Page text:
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Right-to-Use Transfer License Considered Harmful
:> Date: Wed, 5 Apr 89 11:33 EDT
:> From: Mike Maione <Maione@PEGASUS.SCRC.Symbolics.COM:>
:> Subject: [Henry@AI.AI.MIT.EDU: Used Symoblics hardware]
:> I would like to clarify Symbolic's policy regarding software licensing:
:> First of all, Symbolics owns its software and never sells it. We license
:> the right to use, copy, or transfer it to customers when they buy our
:> hardware. We DO strictly protect and enforce this for many reasons but
:> mainly because if we do not protect these very valuable assets,
:> they could fall into the public domain.
:> You should find this to be an industry standard.
Yes, I find these proprietary interests do be an industry standard. I don't
think the license transfer policy is industry standard in that it charges
a significant amount for the right to transfer software that has already
:> This is the official license transfer policy:
:> Symbolics Right-to-Use License Transfer is a one-time fee charged for
:> the transfer of software license rights on a designated CPU.
If I purchase software from Microsoft and then want to transfer it to
someone else, the purchaser pays me not Microsoft. What is being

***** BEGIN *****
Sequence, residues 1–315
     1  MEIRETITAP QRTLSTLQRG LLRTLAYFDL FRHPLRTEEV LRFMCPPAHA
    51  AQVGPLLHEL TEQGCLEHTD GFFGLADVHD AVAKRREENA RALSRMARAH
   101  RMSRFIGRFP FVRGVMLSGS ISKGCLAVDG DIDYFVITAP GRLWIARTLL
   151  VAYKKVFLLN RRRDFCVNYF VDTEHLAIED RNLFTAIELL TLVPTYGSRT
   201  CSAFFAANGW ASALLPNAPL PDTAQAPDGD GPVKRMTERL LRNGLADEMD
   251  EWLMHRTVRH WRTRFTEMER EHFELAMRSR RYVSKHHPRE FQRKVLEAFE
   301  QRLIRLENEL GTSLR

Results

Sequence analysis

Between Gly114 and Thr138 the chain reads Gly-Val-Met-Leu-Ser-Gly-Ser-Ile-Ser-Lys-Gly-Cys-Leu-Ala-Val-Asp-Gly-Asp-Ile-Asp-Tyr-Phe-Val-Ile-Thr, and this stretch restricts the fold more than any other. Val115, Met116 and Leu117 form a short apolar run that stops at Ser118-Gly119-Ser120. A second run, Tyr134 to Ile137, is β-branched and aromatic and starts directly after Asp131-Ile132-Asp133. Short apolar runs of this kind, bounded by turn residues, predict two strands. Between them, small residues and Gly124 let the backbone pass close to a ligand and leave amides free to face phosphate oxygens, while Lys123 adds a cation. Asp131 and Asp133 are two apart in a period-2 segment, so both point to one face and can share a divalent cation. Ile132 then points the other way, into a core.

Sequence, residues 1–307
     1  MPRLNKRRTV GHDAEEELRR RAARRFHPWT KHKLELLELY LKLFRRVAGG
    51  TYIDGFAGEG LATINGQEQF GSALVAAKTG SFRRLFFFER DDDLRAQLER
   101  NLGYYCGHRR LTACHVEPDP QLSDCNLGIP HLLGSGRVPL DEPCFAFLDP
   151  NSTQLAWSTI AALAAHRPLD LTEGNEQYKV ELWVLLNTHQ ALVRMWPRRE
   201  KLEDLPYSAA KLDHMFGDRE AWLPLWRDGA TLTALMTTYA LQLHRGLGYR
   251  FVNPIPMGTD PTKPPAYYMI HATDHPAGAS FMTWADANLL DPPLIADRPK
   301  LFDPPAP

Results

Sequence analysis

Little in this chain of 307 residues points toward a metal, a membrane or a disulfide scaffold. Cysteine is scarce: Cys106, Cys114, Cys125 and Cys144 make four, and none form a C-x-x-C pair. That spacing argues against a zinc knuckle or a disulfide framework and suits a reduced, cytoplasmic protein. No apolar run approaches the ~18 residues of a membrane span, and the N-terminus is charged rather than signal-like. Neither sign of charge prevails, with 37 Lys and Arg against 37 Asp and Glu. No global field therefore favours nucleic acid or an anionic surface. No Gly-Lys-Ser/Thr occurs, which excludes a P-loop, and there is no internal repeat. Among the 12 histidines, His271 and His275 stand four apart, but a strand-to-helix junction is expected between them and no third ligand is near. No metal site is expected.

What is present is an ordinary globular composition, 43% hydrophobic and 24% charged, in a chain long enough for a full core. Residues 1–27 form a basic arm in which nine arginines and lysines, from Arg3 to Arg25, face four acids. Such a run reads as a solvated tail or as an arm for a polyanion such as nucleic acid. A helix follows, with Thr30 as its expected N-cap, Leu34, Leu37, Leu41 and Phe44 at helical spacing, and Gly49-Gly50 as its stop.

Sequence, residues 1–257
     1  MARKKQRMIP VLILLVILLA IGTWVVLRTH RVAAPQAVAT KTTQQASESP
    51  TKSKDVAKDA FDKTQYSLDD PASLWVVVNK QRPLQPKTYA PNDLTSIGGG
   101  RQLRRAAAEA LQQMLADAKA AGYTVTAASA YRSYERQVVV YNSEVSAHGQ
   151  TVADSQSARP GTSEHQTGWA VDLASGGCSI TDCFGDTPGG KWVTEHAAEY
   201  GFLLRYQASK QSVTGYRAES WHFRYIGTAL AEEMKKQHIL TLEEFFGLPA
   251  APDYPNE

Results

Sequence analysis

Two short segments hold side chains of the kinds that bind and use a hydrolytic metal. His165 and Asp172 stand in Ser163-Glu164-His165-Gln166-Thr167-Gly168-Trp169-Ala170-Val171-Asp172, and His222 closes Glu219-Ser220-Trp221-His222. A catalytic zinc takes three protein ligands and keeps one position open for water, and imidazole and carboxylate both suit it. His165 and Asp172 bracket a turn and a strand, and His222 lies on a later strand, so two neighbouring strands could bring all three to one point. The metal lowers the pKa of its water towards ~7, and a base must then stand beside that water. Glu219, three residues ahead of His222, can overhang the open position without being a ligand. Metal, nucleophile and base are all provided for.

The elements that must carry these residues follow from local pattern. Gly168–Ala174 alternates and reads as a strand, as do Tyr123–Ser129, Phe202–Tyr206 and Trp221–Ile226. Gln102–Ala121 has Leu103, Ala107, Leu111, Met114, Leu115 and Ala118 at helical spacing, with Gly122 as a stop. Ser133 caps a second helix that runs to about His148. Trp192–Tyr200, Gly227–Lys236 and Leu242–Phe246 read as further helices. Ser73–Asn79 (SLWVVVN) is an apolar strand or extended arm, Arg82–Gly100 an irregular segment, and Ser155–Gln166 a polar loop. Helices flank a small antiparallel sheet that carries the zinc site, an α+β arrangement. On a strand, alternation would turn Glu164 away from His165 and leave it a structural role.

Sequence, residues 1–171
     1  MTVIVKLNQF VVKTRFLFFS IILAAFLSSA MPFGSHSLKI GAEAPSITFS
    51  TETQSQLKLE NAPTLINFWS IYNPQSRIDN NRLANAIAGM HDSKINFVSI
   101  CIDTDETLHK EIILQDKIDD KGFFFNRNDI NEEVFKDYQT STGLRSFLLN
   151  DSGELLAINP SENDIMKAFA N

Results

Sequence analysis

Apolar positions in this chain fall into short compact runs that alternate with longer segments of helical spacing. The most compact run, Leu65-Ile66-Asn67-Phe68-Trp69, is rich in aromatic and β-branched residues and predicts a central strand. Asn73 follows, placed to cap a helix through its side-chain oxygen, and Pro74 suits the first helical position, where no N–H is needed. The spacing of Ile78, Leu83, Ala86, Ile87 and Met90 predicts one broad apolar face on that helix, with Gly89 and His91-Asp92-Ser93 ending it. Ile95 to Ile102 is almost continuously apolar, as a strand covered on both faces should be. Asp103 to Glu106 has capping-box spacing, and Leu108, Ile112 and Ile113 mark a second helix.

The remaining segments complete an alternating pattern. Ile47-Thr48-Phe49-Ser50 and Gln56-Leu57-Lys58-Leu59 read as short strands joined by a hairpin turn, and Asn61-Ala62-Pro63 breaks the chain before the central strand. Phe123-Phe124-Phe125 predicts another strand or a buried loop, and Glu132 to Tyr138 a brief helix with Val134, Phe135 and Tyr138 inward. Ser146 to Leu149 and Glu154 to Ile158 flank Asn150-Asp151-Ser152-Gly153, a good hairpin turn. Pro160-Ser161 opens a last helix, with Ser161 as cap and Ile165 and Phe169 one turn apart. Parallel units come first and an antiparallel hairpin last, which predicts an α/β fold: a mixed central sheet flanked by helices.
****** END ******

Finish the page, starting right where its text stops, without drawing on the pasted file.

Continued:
protected by the Symbolics Right-to-Use License Transfer? The right
to use the software? Surely, you don't claim that this is industry
standard. Object code licenses are not generally subject to transfer
Note also that Symbolics is in a better position than other software
companies in that it is not possible to buy a "hardware-only"
configuration and then "pirate" the software by copying it from
someone else who is also using it on a different machine.
Is the Right-to-Use License Transfer protecting the source code? Ah,
that's a slightly different issue. The software industry tends to be
much more protective about source code and rightly so. Once again, if
the original purchaser is giving up the right to use the source code
(by virtue of transferring both hardware and software), I don't see
the justification for the transfer fee. The only argument I can see
for the transfer fee (besides just wanting to bring in more money) is
that this is the price that Symbolics stipulates for undergoing the
risk that one more (gasp) entity will be looking at the source code
and *might* do something unethical with it. (Forgive the sarcasm.
I just don't see it happening. Now if it were written in CLOS ...)
If Symbolics wants to ensure that the second purchaser is bound by the
same restrictions as the original purchaser, there must be some legal
mechanism that Symbolics can use without charging $10,000.
:> Mike Maione
:> Northeast Regional Sales Manager
:>Mike can be reached at our Symbolics Corporate Research Center in
:>Burlington, MA at 1-617-221-1000.
Disclaimer: Opinions expressed in this message are those of the author
and do not represent the opinions of his employer.
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